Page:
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Munich: A City of Modern and Traditional Wonder

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By Margot Black

Munich seamlessly blends both the urban flair of a vibrant metropolis and the traditional charm of an outlying town. Situated on the Isar river to the north of the Bavarian Alps, Munich is the capital of Bavaria and the third-largest city in Germany. What started out as a market town in the 12th century has now transformed into a modern-technology capital known for its high-tech cars, tall tankards and -- above all -- beer-filled Oktoberfest celebrations.

During our visit while touring the Alps, our family experienced Munich's engaging mix of modernity and tradition firsthand. And it didn't take us long to realize that Munich's allure extends far beyond its unique regional identity. There's a whole world of architectural marvels, historical gems and stunning scenery to uncover here.

We started our trip by purchasing a Munich Card and a Munich City Pass that allowed us to travel around Munich using public transportation and to enter main attractions. This simplified the process of navigating around the city and exploring sites. We stayed at the new Gambino Hotel, which boasts a prime location in the brand-new Werksviertel-Mitte neighborhood. As one of Germany's most exciting urban development projects, this neighborhood is a pop-up city composed of repurposed industrial buildings alongside futuristic new structures.

The modern Werksviertel district demonstrates how beautifully Munich weaves the old and the new together. Werksviertel-Mitte was once a food-manufacturing site for potatoes and dumplings, but now it's a trendy neighborhood exploding with a creative vision to cultivate a neighborhood district of the future. For our teenage son, staying in such a lively and futuristic area of the city meant we were staying in an area "straight out of 'Ready Player One.'"

The Gambino Hotel is central to "Umadum Munchen," the biggest mobile Ferris wheel in the world. We grabbed some drinks and snacks from the nearby snack bar and rode the Umadum for free with our Munich City Pass. In the Bavarian dialect, "umadum" means "all-round," which perfectly describes the panoramic views of Munich's stunning cityscape that we enjoyed from our pod.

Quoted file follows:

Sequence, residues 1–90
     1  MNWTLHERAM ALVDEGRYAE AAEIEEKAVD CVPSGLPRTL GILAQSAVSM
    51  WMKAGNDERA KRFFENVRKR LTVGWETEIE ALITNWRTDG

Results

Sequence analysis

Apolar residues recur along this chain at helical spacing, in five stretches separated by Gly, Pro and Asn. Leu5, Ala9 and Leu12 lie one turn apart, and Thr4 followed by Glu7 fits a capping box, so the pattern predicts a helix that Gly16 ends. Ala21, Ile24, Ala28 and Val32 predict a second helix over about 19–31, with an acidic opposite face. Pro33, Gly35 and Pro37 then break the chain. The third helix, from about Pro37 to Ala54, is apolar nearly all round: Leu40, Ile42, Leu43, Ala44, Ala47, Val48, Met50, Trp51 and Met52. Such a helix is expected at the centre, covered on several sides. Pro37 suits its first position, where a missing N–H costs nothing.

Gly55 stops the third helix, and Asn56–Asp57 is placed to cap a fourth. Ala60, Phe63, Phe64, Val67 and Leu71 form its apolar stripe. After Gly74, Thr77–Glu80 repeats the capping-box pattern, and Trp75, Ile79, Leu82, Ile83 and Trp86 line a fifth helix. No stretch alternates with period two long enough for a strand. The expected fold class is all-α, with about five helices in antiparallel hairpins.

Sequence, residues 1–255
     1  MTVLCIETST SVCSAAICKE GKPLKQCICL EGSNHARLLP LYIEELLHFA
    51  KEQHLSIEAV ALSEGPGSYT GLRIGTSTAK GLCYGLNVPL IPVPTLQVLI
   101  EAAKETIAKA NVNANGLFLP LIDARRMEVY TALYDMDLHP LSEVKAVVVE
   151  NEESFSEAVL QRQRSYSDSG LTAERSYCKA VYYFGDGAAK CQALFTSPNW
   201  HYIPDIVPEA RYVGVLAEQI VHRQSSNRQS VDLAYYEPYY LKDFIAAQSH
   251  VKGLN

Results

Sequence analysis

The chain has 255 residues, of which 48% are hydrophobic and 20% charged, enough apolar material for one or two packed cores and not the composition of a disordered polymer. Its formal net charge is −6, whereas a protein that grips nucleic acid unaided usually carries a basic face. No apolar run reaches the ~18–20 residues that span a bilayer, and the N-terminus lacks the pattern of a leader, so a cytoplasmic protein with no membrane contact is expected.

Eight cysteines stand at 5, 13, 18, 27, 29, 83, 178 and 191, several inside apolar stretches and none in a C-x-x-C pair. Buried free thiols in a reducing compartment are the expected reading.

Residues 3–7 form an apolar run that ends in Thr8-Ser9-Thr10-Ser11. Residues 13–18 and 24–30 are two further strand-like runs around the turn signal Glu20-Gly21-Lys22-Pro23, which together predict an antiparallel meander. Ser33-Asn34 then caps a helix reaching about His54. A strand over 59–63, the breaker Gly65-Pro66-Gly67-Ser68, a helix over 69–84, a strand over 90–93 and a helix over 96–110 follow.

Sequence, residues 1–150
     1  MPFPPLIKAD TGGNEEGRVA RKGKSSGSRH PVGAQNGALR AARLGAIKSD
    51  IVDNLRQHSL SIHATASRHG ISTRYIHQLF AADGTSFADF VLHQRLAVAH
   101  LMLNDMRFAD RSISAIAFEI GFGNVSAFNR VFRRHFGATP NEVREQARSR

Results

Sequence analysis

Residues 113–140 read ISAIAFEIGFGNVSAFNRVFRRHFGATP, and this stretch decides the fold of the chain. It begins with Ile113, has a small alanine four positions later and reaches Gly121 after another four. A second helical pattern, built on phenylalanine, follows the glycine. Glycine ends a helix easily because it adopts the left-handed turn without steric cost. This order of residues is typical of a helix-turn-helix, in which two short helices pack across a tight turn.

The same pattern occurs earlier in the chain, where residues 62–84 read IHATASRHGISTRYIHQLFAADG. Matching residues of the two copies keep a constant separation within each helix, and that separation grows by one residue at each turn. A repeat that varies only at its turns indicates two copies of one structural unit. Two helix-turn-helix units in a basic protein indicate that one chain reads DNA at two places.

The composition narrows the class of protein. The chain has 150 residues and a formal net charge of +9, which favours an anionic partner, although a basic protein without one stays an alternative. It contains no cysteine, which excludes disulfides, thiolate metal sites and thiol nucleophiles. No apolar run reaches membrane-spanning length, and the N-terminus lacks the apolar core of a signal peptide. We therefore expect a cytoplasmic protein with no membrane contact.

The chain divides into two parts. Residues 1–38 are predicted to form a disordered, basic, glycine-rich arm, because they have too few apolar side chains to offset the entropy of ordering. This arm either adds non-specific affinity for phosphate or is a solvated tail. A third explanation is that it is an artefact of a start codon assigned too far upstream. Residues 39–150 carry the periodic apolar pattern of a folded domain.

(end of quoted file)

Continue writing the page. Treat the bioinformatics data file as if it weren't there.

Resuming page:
Then it was time to visit the famous Hofbrauhaus Wirtshaus beer hall. Dating back to 1589, this is the embodiment of original German hospitality with the quintessential Oktoberfest feel. It's where locals and visitors alike can kick back at family-style tables with a pretzel in one hand and a beer in the other, all while listening to daily live music. We laughed continuously as everyone kept offering our teenager a beer, which he continuously denied. The Hofbrauhaus has become so iconic of Bavarian beer culture that a visit to Munich truly isn't complete until you step inside.

The next day we did some sightseeing on the Munich Old Town Small-Group Walking Tour that I booked through TripAdvisor. This tour was less than $30 per person and worth every penny since we got to hit all the top sites in Old Town: the Marienplatz city center, the Viktualienmarkt market, St. Peter's Church, the Alter Hof, Frauenkirche church and the glockenspiel clock.

If you're short on time in any new city -- especially one as large as Munich -- a walking tour is a good way to get the lay of the land, get your bearings and hit top sites quickly. We walked all over Munich with one of the most sensational tour guides I've ever had, Dani. Under her leadership, we experienced the city in a fun, healthy and efficient way.

After walking all day, we were craving some Bavarian cuisine, so the dinner we had at Xaver's really hit the spot. A trio of young siblings runs this stylish restaurant that's located in the heart of Munich. The decor is a nod to Wirtshaus culture and features details emblematic of a classic Bavarian inn. We dined outdoors, savoring every bite of our wienerschnitzel, salmon trout ceviche and cheese spatzle.

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